## read paper [in Bristol]

**I** went to give a seminar in Bristol last Friday and I chose to present the testing with mixture paper. As we are busy working on the revision, I was eagerly looking for comments and criticisms that could strengthen this new version. As it happened, the (Bristol) Bayesian Cake (Reading) Club had chosen our paper for discussion, two weeks in a row!, hence the title!, and I got invited to join the group the morning prior to the seminar! This was, of course, most enjoyable and relaxed, including an home-made cake!, but also quite helpful in assessing our arguments in the paper. One point of contention or at least of discussion was the common parametrisation between the components of the mixture. Although all parametrisations are equivalent from a *single* component point of view, I can [almost] see why using a mixture with the same parameter value on all components may impose some unsuspected constraint on that parameter. Even when the parameter is *the same moment* for both components. This still sounds like a minor counterpoint in that the weight should converge to either zero or one and hence eventually favour the posterior on the parameter corresponding to the “true” model.

Another point that was raised during the discussion is the behaviour of the method under misspecification or for an M-open framework: when neither model is correct does the weight still converge to the boundary associated with the closest model (as I believe) or does a convexity argument produce a non-zero weight as it limit (as hinted by one example in the paper)? I had thought very little about this and hence had just as little to argue though as this does not sound to me like the primary reason for conducting tests. Especially in a Bayesian framework. If one is uncertain about both models to be compared, one should have an alternative at the ready! Or use a non-parametric version, which is a direction we need to explore deeper before deciding it is coherent and convergent!

A third point of discussion was my argument that mixtures allow us to rely on the same parameter and hence the same prior, whether proper or not, while Bayes factors are less clearly open to this interpretation. This was not uniformly accepted!

Thinking afresh about this approach also led me to broaden my perspective on the use of the posterior distribution of the weight(s) α: while previously I had taken those weights mostly as a proxy to the posterior probabilities, to be calibrated by pseudo-data experiments, as for instance in Figure 9, I now perceive them primarily as the portion of the data in agreement with the corresponding model [or hypothesis] and more importantly as a solution for staying away from a Neyman-Pearson-like decision. Or error evaluation. Usually, when asked about the interpretation of the output, my answer is to compare the behaviour of the posterior on the weight(s) with a posterior associated with a sample from each model. Which does sound somewhat similar to posterior predictives if the samples are simulated from the associated predictives. But the issue was not raised during the visit to Bristol, which possibly reflects on how unfrequentist the audience was [the Statistics group is], as it apparently accepted with no further ado the use of a posterior distribution as a soft assessment of the comparative fits of the different models. If not necessarily agreeing the need of conducting hypothesis testing (especially in the case of the Pima Indian dataset!).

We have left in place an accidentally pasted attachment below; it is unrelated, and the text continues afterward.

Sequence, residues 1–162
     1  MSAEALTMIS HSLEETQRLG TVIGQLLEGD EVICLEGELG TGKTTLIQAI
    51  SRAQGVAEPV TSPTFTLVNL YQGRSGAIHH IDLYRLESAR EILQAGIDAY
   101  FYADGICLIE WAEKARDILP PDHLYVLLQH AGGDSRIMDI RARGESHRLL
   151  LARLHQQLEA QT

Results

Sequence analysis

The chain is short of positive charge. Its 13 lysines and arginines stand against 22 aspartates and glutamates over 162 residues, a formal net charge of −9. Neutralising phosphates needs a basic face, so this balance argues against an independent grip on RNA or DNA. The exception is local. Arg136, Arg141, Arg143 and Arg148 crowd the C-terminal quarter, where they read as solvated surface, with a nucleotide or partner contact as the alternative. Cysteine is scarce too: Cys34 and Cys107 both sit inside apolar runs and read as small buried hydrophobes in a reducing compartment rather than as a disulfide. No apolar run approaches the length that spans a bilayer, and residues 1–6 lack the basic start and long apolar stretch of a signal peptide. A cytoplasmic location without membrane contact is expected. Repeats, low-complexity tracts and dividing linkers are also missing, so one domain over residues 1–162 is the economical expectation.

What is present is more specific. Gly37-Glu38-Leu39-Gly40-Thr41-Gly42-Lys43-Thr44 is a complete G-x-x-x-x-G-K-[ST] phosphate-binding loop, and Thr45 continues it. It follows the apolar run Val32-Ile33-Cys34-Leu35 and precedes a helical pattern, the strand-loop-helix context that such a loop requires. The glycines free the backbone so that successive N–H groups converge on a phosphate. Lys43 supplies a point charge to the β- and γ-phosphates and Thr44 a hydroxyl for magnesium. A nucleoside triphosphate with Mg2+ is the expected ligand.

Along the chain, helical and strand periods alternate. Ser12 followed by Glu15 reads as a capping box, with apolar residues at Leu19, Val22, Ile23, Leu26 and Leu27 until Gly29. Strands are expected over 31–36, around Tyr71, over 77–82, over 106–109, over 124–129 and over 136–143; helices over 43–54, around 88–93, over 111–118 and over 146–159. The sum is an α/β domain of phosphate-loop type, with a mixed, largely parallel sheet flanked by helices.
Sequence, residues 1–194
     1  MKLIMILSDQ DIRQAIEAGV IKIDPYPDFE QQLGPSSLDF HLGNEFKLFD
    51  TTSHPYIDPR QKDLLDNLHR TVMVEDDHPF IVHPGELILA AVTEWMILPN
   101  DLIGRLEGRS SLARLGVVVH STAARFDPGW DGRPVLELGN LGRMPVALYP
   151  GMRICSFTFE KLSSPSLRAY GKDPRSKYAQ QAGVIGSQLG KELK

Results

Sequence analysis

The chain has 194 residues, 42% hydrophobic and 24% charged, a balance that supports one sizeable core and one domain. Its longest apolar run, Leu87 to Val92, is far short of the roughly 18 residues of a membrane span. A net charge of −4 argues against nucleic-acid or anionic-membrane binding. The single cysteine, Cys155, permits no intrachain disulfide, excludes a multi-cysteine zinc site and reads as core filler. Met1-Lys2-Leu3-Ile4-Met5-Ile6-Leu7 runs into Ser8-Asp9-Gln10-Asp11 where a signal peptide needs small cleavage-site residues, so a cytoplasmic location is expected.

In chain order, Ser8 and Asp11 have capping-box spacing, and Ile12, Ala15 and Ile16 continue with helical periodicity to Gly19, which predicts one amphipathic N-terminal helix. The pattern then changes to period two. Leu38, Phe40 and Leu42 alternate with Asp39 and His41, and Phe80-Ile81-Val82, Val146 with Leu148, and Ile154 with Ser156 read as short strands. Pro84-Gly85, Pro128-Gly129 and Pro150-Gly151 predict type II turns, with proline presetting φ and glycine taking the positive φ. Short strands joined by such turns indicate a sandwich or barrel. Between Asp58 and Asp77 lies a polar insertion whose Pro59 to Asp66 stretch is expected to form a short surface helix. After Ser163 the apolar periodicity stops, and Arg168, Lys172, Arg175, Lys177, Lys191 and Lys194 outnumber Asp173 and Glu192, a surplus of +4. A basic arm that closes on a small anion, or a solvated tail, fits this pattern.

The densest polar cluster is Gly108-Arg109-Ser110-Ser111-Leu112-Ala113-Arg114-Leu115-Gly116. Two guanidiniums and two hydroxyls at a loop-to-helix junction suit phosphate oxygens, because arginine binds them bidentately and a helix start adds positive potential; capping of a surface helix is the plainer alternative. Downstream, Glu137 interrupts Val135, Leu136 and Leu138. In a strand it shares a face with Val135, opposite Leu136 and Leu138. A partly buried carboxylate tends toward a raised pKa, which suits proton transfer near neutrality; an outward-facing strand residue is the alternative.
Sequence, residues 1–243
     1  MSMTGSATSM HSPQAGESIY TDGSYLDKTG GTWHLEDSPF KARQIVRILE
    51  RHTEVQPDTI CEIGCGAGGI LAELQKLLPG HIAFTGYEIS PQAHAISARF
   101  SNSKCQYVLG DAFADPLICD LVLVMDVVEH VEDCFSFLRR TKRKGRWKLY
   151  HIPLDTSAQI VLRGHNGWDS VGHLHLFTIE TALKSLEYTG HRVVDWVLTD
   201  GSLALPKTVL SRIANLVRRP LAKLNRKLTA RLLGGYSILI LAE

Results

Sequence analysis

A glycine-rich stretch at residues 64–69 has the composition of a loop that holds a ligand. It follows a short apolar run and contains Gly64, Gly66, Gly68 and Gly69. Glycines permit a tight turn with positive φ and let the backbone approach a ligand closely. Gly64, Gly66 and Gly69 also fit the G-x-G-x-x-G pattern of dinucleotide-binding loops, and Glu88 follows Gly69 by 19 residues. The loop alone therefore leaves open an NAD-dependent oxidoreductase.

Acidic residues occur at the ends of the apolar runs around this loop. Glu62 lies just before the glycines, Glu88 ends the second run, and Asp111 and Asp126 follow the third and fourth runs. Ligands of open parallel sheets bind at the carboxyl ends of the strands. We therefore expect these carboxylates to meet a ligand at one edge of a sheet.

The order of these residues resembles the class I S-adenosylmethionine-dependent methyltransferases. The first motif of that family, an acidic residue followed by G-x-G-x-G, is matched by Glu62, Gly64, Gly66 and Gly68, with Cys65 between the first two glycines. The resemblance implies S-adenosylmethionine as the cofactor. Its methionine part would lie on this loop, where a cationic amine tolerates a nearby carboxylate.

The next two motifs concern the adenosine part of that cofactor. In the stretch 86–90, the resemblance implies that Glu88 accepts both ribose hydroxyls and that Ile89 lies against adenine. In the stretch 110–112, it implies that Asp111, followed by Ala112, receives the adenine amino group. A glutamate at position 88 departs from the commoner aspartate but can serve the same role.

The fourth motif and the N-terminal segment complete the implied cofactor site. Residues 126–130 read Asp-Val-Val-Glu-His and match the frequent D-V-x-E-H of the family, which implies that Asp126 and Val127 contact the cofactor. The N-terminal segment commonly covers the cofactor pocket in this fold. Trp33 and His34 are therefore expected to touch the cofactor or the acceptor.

July 21, 2016 at 3:12 pm

Hello Professor,

When in the paper you say that the normalising constant is intractable for geometric mixtures, what do you mean exactly?

Best,

Luiz

July 21, 2016 at 6:37 pm

If I take a geometric mixture of two arbitrary densities, this function requires a normalising constant to be a probability density (i.e., to integrate to one). In most cases, the constant cannot be derived analytically, which is what I call an intractable constant.

July 21, 2016 at 6:43 pm

Pretty much what I thought. Thanks for clarifying. If the densities involved are from the exponential family, it’s possible to show that the resulting mixture will also be an exponential family density. For simple cases such as Gaussian, gamma and beta the resulting mixture will be in the same family. Do you think then that in these cases geometric mixtures would be worthy looking at?

Cheers,

Luiz

July 21, 2016 at 7:43 pm

’tis true that geometric mixtures of exponential family densities are again from exponential families. This does not always mean the result is a closed form normalising constant, except when both components are from the same exponential family. And in any case my point is more that, on a general basis, when considering testing and model choice, the arithmetic mixture is always manageable.

July 21, 2016 at 8:19 pm

Thanks for the response, much appreciated. I’ve been working with geometric mixtures (in the context of logarithmic pooling) and was wondering if we could use them in your framework. But you’re right: linear pools (aka arithmetic mixtures) are more tractable for model choice and testing. Besides, the interpretation of alpha seems to me to be more straightforward.

Best,

Luiz